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hundred dollars: does so: is not particular then as to the means—as to what it is he writes. I think he is now in California again; he is a creature of forests, mining regions, Injuns"
—here W. reflected: "I'm not so certain about the Injuns, but of the rest, yes."

     I was going out to Germantown to dine with Clifford and Blake. W. gave me the Kennedy and Bucke Sarrazin sheets to give Blake. Did he remember Blake? "O yes! you mean Sidney's Chicago friend—the man with the Unitarian church there? Give him my greetings: tell him I'm not on the whole very favorable to preachers but that any preacher who is Clifford's friend has my respect." W. has commenced to write the introductory note for the pocket edition, but it goes slow. Returned W. Commonweal. Also left Harper's Weekly with him. It contains Winter's long paper on the drama and the American press. Would he read it? "Yes—I shall read it: it's a vast screed: even though it's Willie's I shall read it." He looked over copies of Current Literature and the Christian Union I had with me. "Leave them, won't you!" The Union contains Burroughs' piece on The Spirituality of Matthew Arnold. W. called all this "a great find." He remarked the advertisement in the Union of J.B.'s desire to lease his West Park estate. "I am not at all surprised at that," W. said: "I expected it."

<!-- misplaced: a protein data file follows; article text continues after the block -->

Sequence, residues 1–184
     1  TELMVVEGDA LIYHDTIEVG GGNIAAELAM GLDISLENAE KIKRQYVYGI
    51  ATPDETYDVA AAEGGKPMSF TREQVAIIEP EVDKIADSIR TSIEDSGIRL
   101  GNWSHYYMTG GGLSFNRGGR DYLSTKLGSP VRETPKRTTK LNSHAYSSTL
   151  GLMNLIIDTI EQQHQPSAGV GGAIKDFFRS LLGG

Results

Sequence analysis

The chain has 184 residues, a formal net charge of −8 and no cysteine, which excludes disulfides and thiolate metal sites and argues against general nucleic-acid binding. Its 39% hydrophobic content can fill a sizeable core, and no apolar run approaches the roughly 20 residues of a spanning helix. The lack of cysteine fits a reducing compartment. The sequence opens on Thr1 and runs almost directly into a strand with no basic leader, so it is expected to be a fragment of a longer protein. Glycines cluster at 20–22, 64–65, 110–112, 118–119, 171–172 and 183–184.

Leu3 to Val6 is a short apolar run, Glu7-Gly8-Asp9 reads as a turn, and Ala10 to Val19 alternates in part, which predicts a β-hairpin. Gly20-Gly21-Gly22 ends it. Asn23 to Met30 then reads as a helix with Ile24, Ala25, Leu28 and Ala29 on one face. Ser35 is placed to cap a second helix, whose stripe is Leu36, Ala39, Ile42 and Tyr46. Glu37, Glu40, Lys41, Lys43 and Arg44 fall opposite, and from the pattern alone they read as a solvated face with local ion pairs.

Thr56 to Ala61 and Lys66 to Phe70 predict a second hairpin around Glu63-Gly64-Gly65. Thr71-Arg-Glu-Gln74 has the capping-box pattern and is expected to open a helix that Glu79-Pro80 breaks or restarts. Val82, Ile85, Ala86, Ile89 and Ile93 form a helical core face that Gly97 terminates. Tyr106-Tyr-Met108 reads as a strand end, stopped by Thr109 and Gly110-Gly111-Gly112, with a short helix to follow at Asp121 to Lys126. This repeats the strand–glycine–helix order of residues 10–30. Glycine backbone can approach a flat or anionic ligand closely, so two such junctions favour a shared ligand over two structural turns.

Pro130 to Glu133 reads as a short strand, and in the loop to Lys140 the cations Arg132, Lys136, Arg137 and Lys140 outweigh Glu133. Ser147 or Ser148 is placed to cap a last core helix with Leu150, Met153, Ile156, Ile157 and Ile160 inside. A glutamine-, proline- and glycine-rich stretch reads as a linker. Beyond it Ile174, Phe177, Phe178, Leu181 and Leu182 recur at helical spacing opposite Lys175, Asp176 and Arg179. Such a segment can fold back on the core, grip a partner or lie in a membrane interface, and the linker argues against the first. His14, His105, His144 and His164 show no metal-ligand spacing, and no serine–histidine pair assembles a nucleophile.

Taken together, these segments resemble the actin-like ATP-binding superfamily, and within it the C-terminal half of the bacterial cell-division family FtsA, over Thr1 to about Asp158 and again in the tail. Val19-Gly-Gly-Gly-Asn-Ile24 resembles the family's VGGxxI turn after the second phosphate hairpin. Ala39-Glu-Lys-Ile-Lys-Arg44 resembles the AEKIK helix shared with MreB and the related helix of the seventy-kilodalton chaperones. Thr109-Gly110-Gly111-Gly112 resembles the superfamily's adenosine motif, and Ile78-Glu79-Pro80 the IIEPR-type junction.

Blake told me that he used W.'s Song of the Open Road as his New Year's text with great success. He is to meet me Friday forenoon for a little visit to W. I spoke of this to W. He said: "Let him come: indeed, tell him to come." W. referred to the Herald symposium again. "I saw at once how baseless Frank Williams' suspicions of Walsh were when I looked through the matter he had printed on the fiction subject. There would be no reason why Walsh should wish to commit me to an affirmation that was not my own. If I believe that way, then I should say so, Williams or no Williams: if I do not believe that way, then I am not likely to be dragooned or baited into assent." But W. said again: "We must not let any little difference like that blind us to Frank's beautiful goodwill: he has conservative leanings with which I can't sympathize, but his spirit is catholic, inclusive, farthest–reaching: he is in fact a rarefied sort of man whose inevitably clean instincts excite my admiration, love."